Time for a brief update on the vegetarian trial I’m pleased to say I’m really enjoying. Yes I’m still “cheating.” I am meat free every breakfast and lunch and averaging 4 evening meals a week without meat or fish.
I have certainly tried dishes and ingredients I haven’t before. We’re enjoying a lot more fish than before which I know sounds daft but we never ate it at home before and trying sustainably sourced fish is proving tasty and comparatively cheaper. We’re having a lot more vegetables in our main courses, rather than having stodgy mince dishes which were pretty much our go-to dinner. I’ve occasionally experimented at home, for dinner parties at the like but usually my meals were pretty boring on the grand scheme of things. And I’m sure readers might think me odd if I extol the fact I’m now cooking with loads more pulses, beans, cheeses, vegetables and spices.
Over the last couple of years, I helped set up a foodbank in my town and I became hyper aware of the price of food. I’ve been a wannabe environmentalist for as long as I can remember. As a Christian I believe I’m a co-creator on this planet and tasked with a divine responsibility to look after it, all of it. Tying all of these things together in a coherent behaviour is proving a challenge. I want to make informed choices about my food, and now, the food for my husband too who is a confirmed carnivore.
So I’ve read a couple of books and read numerous blogs on the subject of vegetarianism and I’m still exploring more. I must recommend Jay Rayner’s book: A greedy man in a hungry world: why almost everything you thought you knew about food is wrong. He talks about sustainable intensification as a process we must explore to ensure food demand is met as effectively as possible for everyone at every stage in the chain. The following quote and the chapters around it, hit me hard:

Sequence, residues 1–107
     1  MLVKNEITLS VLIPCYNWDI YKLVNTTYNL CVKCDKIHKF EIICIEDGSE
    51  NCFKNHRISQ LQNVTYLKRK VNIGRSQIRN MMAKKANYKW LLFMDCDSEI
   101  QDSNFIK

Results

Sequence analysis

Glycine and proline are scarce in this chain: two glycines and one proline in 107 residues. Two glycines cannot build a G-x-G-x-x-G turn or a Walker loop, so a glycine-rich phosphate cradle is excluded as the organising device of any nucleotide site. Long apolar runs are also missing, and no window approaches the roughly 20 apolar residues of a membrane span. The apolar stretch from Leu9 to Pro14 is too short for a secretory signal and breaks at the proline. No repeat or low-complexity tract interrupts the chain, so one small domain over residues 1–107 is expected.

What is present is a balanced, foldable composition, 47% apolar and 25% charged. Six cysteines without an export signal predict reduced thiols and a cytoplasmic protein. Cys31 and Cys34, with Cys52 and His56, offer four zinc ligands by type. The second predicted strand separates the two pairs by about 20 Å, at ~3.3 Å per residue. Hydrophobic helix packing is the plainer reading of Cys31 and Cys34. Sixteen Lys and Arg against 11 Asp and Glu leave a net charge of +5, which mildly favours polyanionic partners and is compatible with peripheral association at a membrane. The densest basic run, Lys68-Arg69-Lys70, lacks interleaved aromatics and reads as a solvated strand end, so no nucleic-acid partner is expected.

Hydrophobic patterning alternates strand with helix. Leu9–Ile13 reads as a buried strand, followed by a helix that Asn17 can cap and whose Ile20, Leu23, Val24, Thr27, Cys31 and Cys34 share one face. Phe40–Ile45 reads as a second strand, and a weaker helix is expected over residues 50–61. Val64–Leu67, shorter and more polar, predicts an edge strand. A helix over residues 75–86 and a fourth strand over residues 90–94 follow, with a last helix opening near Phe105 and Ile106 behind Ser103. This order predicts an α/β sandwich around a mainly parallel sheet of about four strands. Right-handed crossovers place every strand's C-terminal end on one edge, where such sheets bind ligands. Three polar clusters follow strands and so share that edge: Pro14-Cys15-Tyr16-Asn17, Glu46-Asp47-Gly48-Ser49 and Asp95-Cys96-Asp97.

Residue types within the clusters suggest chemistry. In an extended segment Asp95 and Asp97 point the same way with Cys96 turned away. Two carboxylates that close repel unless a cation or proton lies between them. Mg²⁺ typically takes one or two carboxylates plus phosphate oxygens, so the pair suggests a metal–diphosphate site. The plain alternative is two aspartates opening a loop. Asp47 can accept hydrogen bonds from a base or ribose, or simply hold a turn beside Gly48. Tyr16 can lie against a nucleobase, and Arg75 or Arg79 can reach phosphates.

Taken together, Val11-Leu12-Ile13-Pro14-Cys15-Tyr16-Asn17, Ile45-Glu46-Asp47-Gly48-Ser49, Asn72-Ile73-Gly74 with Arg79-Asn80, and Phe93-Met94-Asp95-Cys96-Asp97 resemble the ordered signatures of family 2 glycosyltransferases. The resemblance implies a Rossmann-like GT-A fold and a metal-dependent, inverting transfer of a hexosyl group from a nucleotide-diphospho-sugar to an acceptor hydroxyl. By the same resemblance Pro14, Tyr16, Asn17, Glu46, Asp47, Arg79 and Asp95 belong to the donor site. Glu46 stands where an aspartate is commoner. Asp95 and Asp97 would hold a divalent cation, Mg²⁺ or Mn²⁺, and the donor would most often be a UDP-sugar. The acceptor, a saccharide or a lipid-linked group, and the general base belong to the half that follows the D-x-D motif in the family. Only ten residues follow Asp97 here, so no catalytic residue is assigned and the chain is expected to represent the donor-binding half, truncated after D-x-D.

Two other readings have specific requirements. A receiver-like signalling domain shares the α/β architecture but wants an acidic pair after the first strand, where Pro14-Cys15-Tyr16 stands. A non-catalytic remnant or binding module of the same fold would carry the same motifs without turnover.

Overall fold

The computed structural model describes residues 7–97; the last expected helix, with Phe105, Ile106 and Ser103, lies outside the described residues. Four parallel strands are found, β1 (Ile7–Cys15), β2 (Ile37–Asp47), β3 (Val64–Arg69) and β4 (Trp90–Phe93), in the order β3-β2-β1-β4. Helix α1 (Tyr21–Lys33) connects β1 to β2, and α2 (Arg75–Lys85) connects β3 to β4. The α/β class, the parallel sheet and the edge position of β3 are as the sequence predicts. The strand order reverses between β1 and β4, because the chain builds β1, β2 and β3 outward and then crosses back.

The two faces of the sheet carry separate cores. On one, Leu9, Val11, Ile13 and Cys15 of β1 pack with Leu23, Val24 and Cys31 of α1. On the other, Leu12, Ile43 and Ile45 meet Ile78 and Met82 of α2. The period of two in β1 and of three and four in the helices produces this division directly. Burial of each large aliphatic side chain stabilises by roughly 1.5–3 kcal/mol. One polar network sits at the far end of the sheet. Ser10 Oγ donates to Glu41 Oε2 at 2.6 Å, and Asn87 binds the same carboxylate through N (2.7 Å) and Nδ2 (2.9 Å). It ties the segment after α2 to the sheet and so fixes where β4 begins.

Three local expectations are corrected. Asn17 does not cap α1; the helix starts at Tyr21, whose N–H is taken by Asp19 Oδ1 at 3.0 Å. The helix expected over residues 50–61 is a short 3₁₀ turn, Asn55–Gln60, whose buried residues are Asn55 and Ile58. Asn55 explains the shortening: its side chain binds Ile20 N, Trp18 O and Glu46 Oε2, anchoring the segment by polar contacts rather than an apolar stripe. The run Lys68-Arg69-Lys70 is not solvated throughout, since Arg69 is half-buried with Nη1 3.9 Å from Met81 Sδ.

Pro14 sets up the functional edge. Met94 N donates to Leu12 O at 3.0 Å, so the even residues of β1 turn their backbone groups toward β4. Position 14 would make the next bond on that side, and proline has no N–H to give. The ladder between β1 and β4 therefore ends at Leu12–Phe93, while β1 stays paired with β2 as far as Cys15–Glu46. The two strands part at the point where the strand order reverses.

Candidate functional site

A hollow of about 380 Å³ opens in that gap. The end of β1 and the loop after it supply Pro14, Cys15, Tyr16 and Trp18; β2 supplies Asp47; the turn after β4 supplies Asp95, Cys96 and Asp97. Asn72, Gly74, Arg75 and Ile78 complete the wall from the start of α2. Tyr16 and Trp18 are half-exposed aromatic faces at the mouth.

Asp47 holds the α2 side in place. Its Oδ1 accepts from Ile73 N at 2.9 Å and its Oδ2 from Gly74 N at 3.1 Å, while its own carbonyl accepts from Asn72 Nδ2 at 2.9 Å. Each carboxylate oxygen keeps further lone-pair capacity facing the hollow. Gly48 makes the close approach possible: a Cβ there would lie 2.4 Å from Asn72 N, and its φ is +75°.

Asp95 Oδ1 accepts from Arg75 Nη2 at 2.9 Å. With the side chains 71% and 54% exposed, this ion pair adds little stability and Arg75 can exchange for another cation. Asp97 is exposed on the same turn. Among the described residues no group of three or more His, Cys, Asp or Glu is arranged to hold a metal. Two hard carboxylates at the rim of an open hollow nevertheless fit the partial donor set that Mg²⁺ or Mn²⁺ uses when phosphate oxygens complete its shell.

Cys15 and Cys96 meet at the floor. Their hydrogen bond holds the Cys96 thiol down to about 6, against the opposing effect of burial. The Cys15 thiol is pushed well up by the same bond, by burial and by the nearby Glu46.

According to the United Nations, by 2030 we will need to be producing 50% more food and a system built around the trinity of local, seasonal and organic simply won’t cut it.
I am probably more confused than ever about the supposed benefits of vegetarianism, localism, sustainability and the ethics surrounding food. Meat free doesn’t necessarily mean low environmental impact. High food mileage doesn’t mean high carbon emissions. What I do in the home counties of England does, and doesn’t have an impact on the food availability in third world countries. Local doesn’t mean sustainable or efficient.
Everything is just a little bit more complicated than I anticipated. But complexity isn’t a vice. I do know I feel like I am coming down on the side of continuing with a vegetarian, or semi-vegetarian lifestyle because of environmental and health reasons, rather than any specific animal welfare issues, though I have a lot more investigation to do in that area.
So I am continuing, and will probably go entirely meat free for a couple of months in the autumn with the aim of seeing how my health holds up. If you have any book recommendations or thoughts I’d love to hear them. I’m also tweeting about this with #VeggieTrials.